#### One Sine and One Cosine ``Phase Quadrature'' Case

Figure 5.8 shows a similar spectrum analysis of two sinusoids

(6.18) |

using the same frequency separation and window lengths. However, now the sinusoids are 90 degrees out of phase (one sine and one cosine). Curiously, the top-left case ( ) now appears to be resolved! However, closer inspection (see Fig.5.9) reveals that the ``resolved'' spectral peaks are significantly far away from the sinusoidal frequencies. Another curious observation is that the lower-left case ( ) appears worse off than it did in Fig.5.7, and worse than the shorter-window analysis at the top right of Fig.5.8. Only the well resolved case at the lower right (spanning two full cycles of the difference frequency) appears unaffected by the relative phase of the two sinusoids under analysis.

Figure 5.9 shows the same plots as in
Fig.5.8, but overlaid. From this we can see that the peak
locations are *biased* in under-resolved cases, both in amplitude
and frequency.

The preceding figures suggest that, for a rectangular window of length
, two sinusoids are well *resolved* when they are separated in
frequency by

(6.19) |

where the frequency-separation is in radians per sample. In cycles per sample, the inequality becomes

(6.20) |

where the denotes normalized frequency in cycles per sample. In Hz, we have

(6.21) |

or

(6.22) |

Note that is the number of samples in one period of a sinusoid at frequency Hz, sampled at Hz. Therefore, we have derived a rule of thumb for frequency resolution that requires at least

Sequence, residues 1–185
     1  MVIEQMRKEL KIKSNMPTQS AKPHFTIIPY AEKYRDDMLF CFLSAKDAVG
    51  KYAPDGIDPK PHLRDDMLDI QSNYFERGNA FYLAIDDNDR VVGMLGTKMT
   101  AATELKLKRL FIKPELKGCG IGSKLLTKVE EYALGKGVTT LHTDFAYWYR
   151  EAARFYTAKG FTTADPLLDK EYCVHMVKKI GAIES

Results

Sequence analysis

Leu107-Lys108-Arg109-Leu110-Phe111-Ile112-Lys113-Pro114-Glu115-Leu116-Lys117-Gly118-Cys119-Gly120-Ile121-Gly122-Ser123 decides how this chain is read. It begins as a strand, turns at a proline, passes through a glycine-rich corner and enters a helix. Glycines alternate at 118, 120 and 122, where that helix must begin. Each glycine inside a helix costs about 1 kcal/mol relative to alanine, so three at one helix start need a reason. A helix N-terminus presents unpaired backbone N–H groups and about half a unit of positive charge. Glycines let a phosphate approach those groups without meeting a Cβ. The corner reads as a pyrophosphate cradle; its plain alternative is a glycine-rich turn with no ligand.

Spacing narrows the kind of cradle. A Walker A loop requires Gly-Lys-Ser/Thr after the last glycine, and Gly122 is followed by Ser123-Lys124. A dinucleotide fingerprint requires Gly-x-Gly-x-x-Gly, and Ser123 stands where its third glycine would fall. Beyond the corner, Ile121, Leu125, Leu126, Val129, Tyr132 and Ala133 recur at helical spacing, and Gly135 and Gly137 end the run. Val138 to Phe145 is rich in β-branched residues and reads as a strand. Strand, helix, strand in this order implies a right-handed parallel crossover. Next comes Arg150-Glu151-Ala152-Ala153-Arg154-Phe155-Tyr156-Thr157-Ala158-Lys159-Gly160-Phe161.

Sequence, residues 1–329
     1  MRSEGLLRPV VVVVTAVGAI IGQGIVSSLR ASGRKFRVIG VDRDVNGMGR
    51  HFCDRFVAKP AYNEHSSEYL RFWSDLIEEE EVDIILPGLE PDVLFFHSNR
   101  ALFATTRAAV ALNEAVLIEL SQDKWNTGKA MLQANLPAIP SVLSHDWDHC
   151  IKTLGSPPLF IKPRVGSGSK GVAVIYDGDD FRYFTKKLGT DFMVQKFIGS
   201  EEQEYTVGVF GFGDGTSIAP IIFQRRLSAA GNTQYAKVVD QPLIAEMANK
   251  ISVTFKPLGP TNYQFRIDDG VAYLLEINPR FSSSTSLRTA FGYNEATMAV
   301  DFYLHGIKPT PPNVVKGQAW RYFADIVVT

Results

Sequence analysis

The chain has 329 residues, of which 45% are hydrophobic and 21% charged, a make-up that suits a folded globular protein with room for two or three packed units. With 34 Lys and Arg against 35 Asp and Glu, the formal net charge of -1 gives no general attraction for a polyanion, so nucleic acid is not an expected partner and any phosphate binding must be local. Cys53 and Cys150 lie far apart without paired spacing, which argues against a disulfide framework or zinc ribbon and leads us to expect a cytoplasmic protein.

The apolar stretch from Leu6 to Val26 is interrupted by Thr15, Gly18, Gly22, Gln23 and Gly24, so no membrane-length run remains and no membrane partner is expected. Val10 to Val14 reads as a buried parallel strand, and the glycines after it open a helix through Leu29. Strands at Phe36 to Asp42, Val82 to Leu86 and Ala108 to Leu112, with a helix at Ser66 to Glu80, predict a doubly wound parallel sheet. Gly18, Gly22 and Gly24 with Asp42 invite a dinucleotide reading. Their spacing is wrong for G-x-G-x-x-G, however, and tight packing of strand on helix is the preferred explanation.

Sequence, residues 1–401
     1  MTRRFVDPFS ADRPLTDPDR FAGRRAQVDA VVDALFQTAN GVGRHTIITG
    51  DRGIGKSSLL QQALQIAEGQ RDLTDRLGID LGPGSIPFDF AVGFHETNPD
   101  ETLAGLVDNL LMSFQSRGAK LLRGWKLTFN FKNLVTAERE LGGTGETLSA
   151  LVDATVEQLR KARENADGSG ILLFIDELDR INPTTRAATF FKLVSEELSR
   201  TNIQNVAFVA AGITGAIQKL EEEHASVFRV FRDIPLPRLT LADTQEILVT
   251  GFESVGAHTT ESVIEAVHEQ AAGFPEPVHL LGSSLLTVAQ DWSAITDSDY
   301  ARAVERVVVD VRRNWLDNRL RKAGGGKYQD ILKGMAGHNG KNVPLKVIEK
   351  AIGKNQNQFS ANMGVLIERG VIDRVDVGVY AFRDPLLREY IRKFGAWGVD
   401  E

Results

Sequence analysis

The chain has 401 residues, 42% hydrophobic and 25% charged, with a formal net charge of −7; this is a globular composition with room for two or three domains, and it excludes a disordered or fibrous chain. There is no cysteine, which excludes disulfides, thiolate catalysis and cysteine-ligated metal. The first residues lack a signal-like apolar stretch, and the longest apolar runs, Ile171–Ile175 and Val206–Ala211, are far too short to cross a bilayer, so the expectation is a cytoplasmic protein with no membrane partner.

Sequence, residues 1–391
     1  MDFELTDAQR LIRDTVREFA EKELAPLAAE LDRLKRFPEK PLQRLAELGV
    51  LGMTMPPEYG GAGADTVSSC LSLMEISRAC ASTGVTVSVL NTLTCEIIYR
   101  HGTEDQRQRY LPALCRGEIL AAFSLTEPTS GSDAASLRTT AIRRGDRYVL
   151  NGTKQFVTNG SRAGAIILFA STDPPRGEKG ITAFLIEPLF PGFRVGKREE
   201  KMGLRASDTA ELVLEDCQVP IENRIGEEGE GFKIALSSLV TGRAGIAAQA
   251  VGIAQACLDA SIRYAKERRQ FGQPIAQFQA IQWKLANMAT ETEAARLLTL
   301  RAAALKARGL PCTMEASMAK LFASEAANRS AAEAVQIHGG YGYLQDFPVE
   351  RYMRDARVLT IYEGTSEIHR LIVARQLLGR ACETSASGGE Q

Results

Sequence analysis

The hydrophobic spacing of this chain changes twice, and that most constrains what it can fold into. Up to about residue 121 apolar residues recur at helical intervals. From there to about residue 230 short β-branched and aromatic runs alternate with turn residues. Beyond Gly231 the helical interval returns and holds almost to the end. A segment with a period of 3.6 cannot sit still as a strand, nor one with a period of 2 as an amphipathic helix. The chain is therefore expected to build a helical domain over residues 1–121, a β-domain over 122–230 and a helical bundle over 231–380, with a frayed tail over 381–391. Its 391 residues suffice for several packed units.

*two full cycles of the difference-frequency*under the rectangular window.

A more detailed study [1] reveals that cycles of the difference-frequency is sufficient to enable fully accurate peak-frequency measurement under the rectangular window by means of finding FFT peaks. In §5.5.2 below, additional minimum duration specifications for resolving closely spaced sinusoids are given for other window types as well.

In principle, we can resolve *arbitrarily small* frequency
separations, provided

- there is no noise, and
- we are sure we are looking at the sum of two ideal sinusoids under the window.

The rectangular window provides an abrupt transition at its edge. While it remains the optimal window for sinusoidal peak estimation, it is by no means optimal in all spectrum analysis and/or signal processing applications involving spectral processing. As discussed in Chapter 3, windows with a more gradual transition to zero have lower side-lobe levels, and this is beneficial for spectral displays and various signal processing applications based on FFT methods. We will encounter such applications in later chapters.

**Next Section:**

Phase Interpolation at a Peak

**Previous Section:**

Two Cosines (``In-Phase'' Case)